Blog Post

5 things I wish grantseekers knew

This post is by Tiffany Donelson, the foundation’s vice president of program.

1. It’s okay to ask for more information before you apply.

The best conversations I’ve had with potential grantees are those that begin with this inquiry: “I just want to understand more how you approach your work at the foundation.” If you can get a feel for what a funder is committed to and how they do their work, then you can really determine if your project aligns with their funding priorities.

2. We fund systems change.

We focus on projects with the potential to create broader changes or those that can elevate the voice of communities most affected by health equity issues. What does that mean? We wouldn’t fund a clinic to hire a social worker, but we might fund the same organization to pilot different models of delivering behavioral health services in primary care offices and develop a business plan for ensuring the best model is sustainable. We wouldn’t give money for school-based health centers to maintain their operations, but we have awarded grants to help them develop the capabilities to develop plans for long-term sustainability. We wouldn’t pay for an organization to hire a lobbyist, but we have awarded grants to help church leaders and congregants participate in legislative advocacy on health issues affecting their communities.

3. Our definition of health equity focuses on people of color.

There are many ways to define health equity, and there’s lots of valuable work taking place involving vulnerable populations. Our foundation uses a specific definition of health equity: We focus on achieving health equity through the elimination of racial and ethnic health disparities. We’ve based this focus on Connecticut data, which shows that there are significant health disparities specifically for people of color.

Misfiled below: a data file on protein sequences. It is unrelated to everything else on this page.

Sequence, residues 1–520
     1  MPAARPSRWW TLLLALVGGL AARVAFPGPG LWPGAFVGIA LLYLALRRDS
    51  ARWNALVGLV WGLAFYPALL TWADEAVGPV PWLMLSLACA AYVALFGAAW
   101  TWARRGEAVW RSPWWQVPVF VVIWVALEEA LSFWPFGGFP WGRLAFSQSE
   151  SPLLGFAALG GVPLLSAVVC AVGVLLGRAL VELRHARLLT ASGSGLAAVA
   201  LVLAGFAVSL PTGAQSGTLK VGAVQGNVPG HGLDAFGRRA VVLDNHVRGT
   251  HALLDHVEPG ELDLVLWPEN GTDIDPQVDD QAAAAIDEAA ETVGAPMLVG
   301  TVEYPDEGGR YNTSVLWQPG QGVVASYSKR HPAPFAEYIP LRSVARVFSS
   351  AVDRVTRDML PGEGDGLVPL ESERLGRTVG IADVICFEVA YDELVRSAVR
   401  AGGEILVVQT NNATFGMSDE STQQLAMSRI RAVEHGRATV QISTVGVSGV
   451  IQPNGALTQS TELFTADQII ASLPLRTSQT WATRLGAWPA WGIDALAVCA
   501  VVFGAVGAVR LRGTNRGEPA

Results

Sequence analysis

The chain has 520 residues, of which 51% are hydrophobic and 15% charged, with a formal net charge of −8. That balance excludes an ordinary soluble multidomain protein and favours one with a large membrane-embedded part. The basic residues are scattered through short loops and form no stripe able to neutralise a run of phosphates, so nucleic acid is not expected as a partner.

4. Don’t take it personally if we don’t accept your proposal.

Part of my job, unfortunately, is saying no. There are far more worthy projects than we have the resources to fund. Because of that, we identify funding priorities to ensure we are using our limited dollars to achieve the greatest impact. If we say no to your project, please know that we respect that you’re doing good work; it simply may not align with our funding priorities.

5. Staying in touch is worthwhile.

Just because your work doesn’t align with our priorities today doesn’t mean it won’t in the future. We welcome relationships, even if we don’t fund your proposal, and invite you keep us posted on your work. The more you bring us into your world, the better the chance that we may see ways our work could align with yours in the future.